Theo 318       Exegesis: Psalms
Theo 319       Exegesis: Wisdom Literature
Theo 320       Theology of the Old Testament
Theo 325       Exegesis: Synoptics
Theo 325.1    Exegesis: Luke-Acts
Theo 326       Exegesis: New Testament Letters
Theo 327       Exegesis: Johannine Literature
Theo 328       Theology of the New Testament
Theo 334       Mariology
Theo 343       Theologies of the Paschal Mystery
Theo 343.1    Theology of the Cross
Theo 343.2    The Resurrection of Jesus Christ
Theo 345       Topics in Ecclesiology
Theo 345.2    Discovering Vatican II Through Film
Theo 345.3    Exploring Mission Through Film
Theo 345.4    New Ecclesiologies and Ministries in the Catholic Church
Theo 345.5    Religion, The Catholic Church and Society
Theo 345.6    Themes Related to Evangelization 
Theo 345.7    Themes Related to Evangelization II 
Theo 356       Liturgy and Time
Theo 358       The Theology of the Eucharist
Theo 357       The Sacraments of the Church
Theo 380       Christian Morality and Moral Education
Theo 383       Contemporary Moral Problems Related to Marriage
Theo 384       Contemporary Moral Problems Related to Sexuality
Theo 385       Contemporary Moral Problems Related to Human Life
Theo 389       Themes Related to Christian Social Ethics I
Theo 389.1    Themes Related to Christian Social Ethics II

With the permission of the Program Director, the student may take other doctoral-level courses related to the ministry of Religious Education.

2. Pastoral Counseling and Spiritual Care

Graduates of the MA in Pastoral Ministry: Family Ministry and Counseling of the Ateneo de Manila University are admitted directly to DMin proper. For non-MA PM FMC graduates, the following MA-level bridge courses will be required prior to their definitive admission to the DMin Program:

Theo 289       Pastoral Psychology and Counseling
Theo 262.1    Family Spirituality and Sexual Ethics
Theo 292.3    Assessment and Initial Intervention of Individual and Relationship Disorders
Theo 293       Marital/Premarital Dynamics and Counseling: A Psycho-Spiritual Approach
Theo 293.1    Family Dynamics and Counseling Approaches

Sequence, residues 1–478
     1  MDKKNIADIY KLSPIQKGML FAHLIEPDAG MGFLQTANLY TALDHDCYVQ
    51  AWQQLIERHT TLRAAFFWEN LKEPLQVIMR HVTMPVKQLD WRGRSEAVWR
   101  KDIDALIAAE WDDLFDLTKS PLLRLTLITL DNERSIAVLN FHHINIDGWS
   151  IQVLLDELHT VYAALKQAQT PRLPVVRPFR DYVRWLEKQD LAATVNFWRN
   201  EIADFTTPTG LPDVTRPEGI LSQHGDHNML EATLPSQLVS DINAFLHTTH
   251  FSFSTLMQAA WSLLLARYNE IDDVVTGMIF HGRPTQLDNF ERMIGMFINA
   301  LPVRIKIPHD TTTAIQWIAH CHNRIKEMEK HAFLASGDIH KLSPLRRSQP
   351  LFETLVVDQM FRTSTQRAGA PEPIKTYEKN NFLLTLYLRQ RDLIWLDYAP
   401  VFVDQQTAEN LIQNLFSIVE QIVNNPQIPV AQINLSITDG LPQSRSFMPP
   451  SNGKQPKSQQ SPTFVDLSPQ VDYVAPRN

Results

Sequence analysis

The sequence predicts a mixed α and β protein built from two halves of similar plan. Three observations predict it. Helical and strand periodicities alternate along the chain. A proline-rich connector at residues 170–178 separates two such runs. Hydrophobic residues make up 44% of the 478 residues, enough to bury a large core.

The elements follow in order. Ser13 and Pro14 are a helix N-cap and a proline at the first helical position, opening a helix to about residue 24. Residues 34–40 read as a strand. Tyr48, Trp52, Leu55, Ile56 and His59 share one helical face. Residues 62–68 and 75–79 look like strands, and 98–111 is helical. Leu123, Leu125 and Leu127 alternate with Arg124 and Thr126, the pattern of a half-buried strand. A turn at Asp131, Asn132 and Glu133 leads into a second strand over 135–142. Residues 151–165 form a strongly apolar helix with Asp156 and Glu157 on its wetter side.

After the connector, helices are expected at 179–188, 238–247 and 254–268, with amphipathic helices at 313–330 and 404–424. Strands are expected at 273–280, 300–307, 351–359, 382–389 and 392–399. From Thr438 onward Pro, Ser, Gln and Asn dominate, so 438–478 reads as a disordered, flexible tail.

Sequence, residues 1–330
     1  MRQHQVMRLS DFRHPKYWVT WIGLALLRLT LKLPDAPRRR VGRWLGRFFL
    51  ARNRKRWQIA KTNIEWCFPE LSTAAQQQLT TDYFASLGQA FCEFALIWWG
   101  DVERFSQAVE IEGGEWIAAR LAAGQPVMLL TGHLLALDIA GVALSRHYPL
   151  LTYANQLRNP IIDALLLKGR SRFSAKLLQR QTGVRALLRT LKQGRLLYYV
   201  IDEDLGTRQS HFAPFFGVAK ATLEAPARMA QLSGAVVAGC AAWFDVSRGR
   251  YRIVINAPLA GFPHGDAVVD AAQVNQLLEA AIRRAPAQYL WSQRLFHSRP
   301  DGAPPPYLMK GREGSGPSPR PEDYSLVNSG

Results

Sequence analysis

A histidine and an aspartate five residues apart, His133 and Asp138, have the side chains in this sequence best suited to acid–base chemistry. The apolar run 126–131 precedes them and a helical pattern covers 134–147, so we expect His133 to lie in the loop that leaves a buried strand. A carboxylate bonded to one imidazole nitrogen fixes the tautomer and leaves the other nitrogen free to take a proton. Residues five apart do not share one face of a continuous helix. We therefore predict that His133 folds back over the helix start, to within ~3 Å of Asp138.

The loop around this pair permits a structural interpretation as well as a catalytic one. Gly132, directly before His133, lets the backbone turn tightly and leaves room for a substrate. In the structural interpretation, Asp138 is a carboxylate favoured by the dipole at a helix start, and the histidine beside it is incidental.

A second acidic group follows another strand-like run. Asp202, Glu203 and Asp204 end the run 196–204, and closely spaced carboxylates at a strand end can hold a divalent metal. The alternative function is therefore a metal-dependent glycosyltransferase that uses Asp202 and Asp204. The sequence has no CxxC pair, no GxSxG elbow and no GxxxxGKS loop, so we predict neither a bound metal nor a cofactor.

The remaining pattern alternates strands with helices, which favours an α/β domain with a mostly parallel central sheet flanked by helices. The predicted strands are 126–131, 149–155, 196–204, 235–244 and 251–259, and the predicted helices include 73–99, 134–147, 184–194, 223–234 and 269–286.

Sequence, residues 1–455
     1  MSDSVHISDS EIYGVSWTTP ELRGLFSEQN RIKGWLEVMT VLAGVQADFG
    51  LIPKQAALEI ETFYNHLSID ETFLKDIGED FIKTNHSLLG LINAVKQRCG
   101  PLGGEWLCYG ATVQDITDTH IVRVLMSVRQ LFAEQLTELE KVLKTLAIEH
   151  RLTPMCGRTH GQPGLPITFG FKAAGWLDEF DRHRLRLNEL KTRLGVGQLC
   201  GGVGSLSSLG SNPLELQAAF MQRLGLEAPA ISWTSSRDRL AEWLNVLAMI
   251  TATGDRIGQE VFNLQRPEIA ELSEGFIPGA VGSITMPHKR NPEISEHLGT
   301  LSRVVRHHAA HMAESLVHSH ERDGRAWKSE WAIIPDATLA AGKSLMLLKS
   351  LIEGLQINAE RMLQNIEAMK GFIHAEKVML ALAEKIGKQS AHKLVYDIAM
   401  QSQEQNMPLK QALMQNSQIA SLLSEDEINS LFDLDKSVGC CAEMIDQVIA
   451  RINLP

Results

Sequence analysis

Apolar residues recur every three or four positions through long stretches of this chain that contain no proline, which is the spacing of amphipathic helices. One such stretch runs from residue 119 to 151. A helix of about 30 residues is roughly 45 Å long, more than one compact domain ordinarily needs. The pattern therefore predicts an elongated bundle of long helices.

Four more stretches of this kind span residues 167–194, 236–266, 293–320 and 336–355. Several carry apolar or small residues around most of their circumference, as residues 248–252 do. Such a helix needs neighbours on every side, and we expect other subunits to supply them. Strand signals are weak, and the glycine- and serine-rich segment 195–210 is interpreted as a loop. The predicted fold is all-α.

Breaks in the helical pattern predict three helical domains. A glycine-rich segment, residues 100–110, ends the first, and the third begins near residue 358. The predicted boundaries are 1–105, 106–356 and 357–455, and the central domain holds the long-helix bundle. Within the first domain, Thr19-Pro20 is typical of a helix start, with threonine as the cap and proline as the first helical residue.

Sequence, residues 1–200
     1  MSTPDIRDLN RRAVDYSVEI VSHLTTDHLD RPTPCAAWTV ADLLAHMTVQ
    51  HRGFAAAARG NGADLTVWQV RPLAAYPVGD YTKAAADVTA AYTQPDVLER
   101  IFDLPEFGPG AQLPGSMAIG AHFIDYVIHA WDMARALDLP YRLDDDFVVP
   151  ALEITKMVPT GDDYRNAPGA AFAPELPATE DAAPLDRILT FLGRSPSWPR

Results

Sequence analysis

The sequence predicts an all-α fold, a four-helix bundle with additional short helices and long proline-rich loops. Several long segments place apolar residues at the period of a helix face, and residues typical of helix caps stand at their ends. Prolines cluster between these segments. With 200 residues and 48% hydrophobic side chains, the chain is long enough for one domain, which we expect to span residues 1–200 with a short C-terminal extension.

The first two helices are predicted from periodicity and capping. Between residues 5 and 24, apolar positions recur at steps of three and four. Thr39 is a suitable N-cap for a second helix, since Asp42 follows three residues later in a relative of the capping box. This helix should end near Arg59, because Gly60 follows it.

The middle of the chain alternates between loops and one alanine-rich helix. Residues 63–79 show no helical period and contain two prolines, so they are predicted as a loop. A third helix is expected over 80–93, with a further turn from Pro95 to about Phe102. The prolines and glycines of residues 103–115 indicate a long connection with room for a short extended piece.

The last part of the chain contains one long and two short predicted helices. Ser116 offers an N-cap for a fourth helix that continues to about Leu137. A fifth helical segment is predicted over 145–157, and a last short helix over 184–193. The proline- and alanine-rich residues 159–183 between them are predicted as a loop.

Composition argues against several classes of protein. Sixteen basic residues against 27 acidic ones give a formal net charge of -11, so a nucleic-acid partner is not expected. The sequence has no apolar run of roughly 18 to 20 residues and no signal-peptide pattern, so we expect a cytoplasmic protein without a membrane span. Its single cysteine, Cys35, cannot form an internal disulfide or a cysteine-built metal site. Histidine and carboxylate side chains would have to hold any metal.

Theo 294       Marital/Family Counseling Practicum
Theo 294.1    Family Spirituality Practicum

In the DMin proper, five (5) courses are chosen from the following 3-unit courses during the semester when they are offered at the Theology and Ministry Program:

Theo 368       Theories of Pastoral Counseling
Theo 368.1    Principles of Change: Human Development and Life Cycle
Theo 368.2    Principles of Supervision in Pastoral Counseling and Spiritual Care   
Theo 368.3    Assessment, Diagnosis and Clinical Theology
Theo 368.4    Pastoral Counseling with Children and Adolescents
Theo 368.5    Advanced Group Process and Pastoral Counseling

With the permission of the Program Director, the student may take courses offered by the Department of Psychology.

3. Spirituality and Retreat Direction

Graduates of the MA in Pastoral Ministry: Spirituality and Retreat-Direction of the Ateneo de Manila University are admitted directly to DMin proper. For non-MA PM SRD graduates, the following MA-level bridge courses will be required prior to their definitive admission to the DMin Program:

Theo 282.1    Foundations for Directed Retreat
Theo 282.2    Fundamentals of Directed Retreat-Giving
Theo 282.3    Supervised Retreat-Giving Experience
Theo 282.4    Giving the Spiritual Exercises of St. Ignatius

In the DMin proper, five (5) courses are chosen from the following 3-unit courses during the semester when they are offered at the Theology and Ministry Program:
Theo 304       Multi-Disciplinary Foundations for Theological Reflection
Theo 304.1    Faith and Culture
Theo 349       Christianity and World Religions
Theo 390       History of Spirituality
Theo 390.1    Christian Sanctity: Integration of Dogma, Spirituality and Life
Theo 390.2    Spirituality of Communion and Community: A Patristic and Contemporary Approach
Theo 390.3    The Classics of Western Spirituality
Theo 391       Apostolic Spirituality
Theo 391.1    Spirituality of Consecrated Life